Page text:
Plum pox virus


Plum pox virus (sharka)

Exotic to Australia

Features: Plum pox virus is the most devastating viral disease of stone
fruit in the world, deforming fruit

Where it’s from: Europe, Africa, Asia, North America, South
America and the Russian Federation

How it spreads: Importation of infected plants, fruits or plant
propagation material. It can also be transmitted by insect vector such as

At risk: Stone fruit crops including plums, peaches, apricots, nectarines;
cherries and almonds; related ornamentals.

Fruit infected with plum pox virus is often marked with spots or rings.

Report it

Keep it out

Plum pox virus (also known as sharka or Potyvirus) is one of the most destructive diseases of stone fruits in the world. The virus poses no threat to humans but can infect a large number of plants in the Prunus family.

Fruit production drops by up to a third in infected trees and fruit that is produced is often deformed or blemished with brown flesh, often marked with spots or rings, and is less sweet, smaller and tasteless or bitter.

Plum pox virus is spread by grafting diseased stock onto other trees, and then between trees by aphids that suck sap. There is no cure or treatment for the virus and all infected trees in an area must be destroyed.

If the disease made it to Australia, many crops, including stone fruit, cherries and almonds, would be threatened.

Importing goods

To keep plum pox virus out of Australia, never ignore Australia’s strict biosecurity rules.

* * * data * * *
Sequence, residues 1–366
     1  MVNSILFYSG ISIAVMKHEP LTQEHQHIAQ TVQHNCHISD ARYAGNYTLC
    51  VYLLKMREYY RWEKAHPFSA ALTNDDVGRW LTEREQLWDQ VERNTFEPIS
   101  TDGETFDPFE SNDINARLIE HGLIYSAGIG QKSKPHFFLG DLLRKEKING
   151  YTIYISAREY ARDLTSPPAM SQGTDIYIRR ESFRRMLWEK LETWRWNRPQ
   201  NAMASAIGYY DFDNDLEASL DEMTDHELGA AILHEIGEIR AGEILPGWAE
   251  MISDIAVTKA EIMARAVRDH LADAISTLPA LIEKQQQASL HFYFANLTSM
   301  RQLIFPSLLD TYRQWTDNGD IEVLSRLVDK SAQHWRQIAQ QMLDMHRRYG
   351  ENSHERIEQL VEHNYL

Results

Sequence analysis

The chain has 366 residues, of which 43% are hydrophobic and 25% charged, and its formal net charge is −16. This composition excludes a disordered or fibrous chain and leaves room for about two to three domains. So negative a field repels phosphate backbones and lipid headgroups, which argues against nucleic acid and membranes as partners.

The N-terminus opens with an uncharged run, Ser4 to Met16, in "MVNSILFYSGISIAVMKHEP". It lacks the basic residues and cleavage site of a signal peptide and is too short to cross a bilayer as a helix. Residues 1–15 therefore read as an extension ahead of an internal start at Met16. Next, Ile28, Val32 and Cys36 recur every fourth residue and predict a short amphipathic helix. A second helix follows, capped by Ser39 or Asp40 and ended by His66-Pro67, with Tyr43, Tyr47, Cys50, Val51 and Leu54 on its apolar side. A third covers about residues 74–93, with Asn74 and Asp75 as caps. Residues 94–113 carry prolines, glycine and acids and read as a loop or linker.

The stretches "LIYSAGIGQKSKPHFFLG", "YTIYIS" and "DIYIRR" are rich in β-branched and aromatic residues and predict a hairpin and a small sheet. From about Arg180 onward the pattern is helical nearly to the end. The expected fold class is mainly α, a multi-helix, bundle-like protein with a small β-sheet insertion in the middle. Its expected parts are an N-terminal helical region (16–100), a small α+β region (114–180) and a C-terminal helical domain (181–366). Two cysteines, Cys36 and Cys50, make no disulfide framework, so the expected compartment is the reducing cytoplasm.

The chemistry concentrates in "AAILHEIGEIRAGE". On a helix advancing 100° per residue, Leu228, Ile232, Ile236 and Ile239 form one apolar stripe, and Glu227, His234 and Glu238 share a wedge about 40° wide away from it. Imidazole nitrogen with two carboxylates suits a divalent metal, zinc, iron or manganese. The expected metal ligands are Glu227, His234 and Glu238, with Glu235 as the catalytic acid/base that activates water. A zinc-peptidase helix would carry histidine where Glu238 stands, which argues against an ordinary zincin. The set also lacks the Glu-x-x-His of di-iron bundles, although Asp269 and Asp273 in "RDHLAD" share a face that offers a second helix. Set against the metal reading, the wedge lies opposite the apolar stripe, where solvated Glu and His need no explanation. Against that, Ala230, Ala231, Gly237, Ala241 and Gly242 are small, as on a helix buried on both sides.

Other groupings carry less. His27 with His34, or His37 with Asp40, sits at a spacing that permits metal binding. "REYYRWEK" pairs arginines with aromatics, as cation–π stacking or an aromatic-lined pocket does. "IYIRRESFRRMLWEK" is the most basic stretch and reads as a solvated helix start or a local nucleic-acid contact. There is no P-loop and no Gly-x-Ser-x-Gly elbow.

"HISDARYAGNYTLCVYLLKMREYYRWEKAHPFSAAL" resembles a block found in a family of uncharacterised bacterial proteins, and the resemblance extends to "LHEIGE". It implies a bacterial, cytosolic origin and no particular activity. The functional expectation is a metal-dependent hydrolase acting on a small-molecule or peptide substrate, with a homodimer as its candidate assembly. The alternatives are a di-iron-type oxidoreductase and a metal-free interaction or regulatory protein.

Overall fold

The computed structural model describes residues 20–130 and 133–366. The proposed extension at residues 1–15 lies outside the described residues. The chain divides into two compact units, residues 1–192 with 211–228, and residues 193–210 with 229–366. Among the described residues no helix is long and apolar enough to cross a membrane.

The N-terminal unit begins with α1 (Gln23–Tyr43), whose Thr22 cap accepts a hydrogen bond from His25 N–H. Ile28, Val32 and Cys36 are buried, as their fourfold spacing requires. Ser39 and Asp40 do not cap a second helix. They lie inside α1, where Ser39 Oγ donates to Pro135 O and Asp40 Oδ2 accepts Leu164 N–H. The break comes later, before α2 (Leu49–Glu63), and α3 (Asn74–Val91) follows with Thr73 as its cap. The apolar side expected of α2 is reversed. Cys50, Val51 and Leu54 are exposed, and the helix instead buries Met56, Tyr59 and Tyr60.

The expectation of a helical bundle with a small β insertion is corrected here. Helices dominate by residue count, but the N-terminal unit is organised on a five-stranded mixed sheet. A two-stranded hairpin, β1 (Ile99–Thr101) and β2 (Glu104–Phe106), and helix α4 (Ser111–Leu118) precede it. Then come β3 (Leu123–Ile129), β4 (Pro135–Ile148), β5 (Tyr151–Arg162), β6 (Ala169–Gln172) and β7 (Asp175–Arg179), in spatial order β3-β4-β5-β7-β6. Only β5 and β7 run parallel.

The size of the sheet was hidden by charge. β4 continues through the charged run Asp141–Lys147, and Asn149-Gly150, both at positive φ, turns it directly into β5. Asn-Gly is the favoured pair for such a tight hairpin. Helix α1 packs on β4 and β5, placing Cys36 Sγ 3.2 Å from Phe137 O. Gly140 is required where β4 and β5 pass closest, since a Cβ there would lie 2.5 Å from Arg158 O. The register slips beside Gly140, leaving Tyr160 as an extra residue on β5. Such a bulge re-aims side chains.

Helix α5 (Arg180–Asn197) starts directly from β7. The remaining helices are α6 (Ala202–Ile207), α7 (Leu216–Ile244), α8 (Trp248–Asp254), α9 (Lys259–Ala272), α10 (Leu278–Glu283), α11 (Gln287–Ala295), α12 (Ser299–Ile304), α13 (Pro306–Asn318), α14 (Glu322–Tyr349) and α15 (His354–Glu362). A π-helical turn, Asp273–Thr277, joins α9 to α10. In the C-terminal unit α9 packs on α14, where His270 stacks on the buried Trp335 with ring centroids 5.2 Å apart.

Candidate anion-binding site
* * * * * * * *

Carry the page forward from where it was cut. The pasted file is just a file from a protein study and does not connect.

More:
Import shipments may need to be treated and certified, so before you import, check our Biosecurity Import Conditions system (BICON).

What to look for

Symptoms of the disease vary greatly depending on the species of plant infected, the season and local conditions. Leaves, flowers and fruit can all be affected.
The disease develops slowly and one tree will show a range of signs over several years. Usually one or two branches show signs which then spread through the tree.
Common symptoms include:

  • mottling, spotting and yellowing on leaves, fruit and tree trunk
  • trunks splitting
  • fruit dropping early

Ultimately, the virus needs to be confirmed in plant tissue in a laboratory.

PPV-infected apricot fruit with lightly pigmented rings (left). Rings on the surface of a seed of a PPV-infected apricot fruit (right).
Source: New York State Agricultural Experiment Station, Cornell University.

Leaf symptoms of plum pox virus on apricot leaves.
Source: Biologische Bundesanstalt für Land- und Forstwirtschaft,


Where to look


Infected plant material is the most likely way that the disease would enter Australia.

Growers and home gardeners

Look out for symptoms of plum pox virus including leaf damage or spots on fruit, in:

  • plums
  • peaches
  • apricots
  • nectarines
  • cherries
  • almonds
  • related ornamentals.

What to do

If you think you’ve found plum pox virus:

  • take a photo
  • do not disturb infected plants (this may be as simple as  preventing access to an orchard).

Report it

Seen something unusual? Report it. Even if you’re not sure.

Read the detail

Last reviewed: 12 August 2021
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